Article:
Most secular and humanistic Jews in the world are unaware that they are what they are. The “believers” who do know what they are often lack the knowledge or training to give depth to their convictions. Both groups need education. And effective education requires the planning and the focused creativity that only a school can provide.
Secular Humanistic Judaism needs an intellectual outreach. It needs to recruit and use the enormous number of Jewish men and women in the worlds of academia, writing, and the arts who see themselves as secular Jews but who are so dispersed that they have no opportunity for dialogue with peers who share their outlook. They often have no motivation to promote their Jewish convictions because they are unaware of any audience or community structure that would give their efforts any meaning. If it were possible to recruit one-tenth of the available secular Jewish academicians for the task of explaining and enriching the humanistic point of view, they would constitute a formidable intellectual voice in the Jewish community. Especially in Israel, where the secular commitment has been intense and widespread for many years, the number of potential recruits is significant.
Humanistic Jewish creativity is more than a century old, but most of the results are unavailable to the secular public. They are hidden away in kibbutz archives, culture club files, historical memoirs, and the private collections of talented individuals. No effort has ever really been made to bring them together, to select the best of the secular past so communities can draw upon it for their celebration life. It is amazing how much of the holiday and life cycle creativity of the kibbutz experience is unknown both to urban Israelis and to Diaspora Jews. Only a concerted effort by a research institute can rescue these treasures for posterity.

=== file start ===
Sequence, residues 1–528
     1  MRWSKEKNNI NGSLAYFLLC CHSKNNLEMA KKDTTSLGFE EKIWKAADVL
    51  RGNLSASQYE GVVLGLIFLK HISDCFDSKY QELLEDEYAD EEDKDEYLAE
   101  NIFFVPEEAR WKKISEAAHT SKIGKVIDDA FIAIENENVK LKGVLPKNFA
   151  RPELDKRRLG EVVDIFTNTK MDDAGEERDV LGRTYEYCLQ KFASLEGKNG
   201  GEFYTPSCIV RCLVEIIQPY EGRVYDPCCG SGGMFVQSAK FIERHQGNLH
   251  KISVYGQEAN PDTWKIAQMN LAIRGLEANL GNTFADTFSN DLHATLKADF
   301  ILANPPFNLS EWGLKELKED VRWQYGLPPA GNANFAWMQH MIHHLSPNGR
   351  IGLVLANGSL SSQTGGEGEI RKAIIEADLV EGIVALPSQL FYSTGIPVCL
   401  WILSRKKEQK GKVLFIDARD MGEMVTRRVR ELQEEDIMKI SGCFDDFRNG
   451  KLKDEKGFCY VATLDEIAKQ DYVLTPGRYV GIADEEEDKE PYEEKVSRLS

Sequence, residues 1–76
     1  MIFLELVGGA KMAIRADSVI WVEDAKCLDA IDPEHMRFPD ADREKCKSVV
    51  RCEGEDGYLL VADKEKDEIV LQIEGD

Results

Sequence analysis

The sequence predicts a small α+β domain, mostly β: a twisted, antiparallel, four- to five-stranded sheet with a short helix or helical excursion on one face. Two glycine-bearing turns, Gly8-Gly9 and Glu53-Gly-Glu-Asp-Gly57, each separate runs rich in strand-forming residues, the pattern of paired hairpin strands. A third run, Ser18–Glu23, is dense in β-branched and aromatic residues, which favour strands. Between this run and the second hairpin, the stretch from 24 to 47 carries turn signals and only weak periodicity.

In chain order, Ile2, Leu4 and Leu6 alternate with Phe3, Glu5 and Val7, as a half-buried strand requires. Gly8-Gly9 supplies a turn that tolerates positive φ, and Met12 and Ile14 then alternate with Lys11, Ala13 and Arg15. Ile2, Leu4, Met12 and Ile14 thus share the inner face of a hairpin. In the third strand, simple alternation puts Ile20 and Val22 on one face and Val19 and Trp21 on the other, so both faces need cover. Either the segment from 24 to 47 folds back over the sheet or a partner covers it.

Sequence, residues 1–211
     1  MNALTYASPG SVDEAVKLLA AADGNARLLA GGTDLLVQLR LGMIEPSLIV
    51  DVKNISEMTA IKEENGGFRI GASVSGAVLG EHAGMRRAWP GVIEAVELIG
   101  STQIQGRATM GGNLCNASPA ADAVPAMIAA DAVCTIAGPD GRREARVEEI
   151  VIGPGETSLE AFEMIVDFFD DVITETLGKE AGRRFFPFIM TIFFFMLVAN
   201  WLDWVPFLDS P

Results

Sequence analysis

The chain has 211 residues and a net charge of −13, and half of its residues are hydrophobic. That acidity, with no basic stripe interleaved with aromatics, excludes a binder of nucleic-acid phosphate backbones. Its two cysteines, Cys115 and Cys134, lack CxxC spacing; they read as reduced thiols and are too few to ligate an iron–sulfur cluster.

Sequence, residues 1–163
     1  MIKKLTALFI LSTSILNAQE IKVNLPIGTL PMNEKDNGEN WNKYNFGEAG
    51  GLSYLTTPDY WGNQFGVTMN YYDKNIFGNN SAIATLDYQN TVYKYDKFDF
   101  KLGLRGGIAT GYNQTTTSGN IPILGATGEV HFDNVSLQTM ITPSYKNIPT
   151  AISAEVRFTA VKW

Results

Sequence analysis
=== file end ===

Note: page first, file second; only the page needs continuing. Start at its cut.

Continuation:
New literature is an urgent necessity. There are no popular history books of the Jewish people that are unashamedly secular and consistently choose to view the Jewish experience through the eyes of a scientific humanism. There are few popular books on philosophy, ethics, and lifestyle that articulate the secular Jewish point of view and seek to awaken humanistic self-awareness in the reading public, especially young people. There are no readily available celebration manuals for holidays and life cycle ceremonies to offer guidance to humanistically disposed Jews in how to design a satisfying humanistic Jewish ritual. The dearth of pragmatic and inspirational literature is a dramatic deficiency in the effort to create any kind of effective movement. Only a school with ideological commitments can arrange for the creation of this essential literature.
The “monuments” of tradition need attention. In Israel, where the Bible is an intrinsic part of the national consciousness and public education, to leave Bible instruction and Bible interpretation to traditional commentators and ambivalent liberals is to forego an opportunity for creating secular self-awareness. No continuous secular humanistic commentary on the Bible now exists either in Hebrew or in English.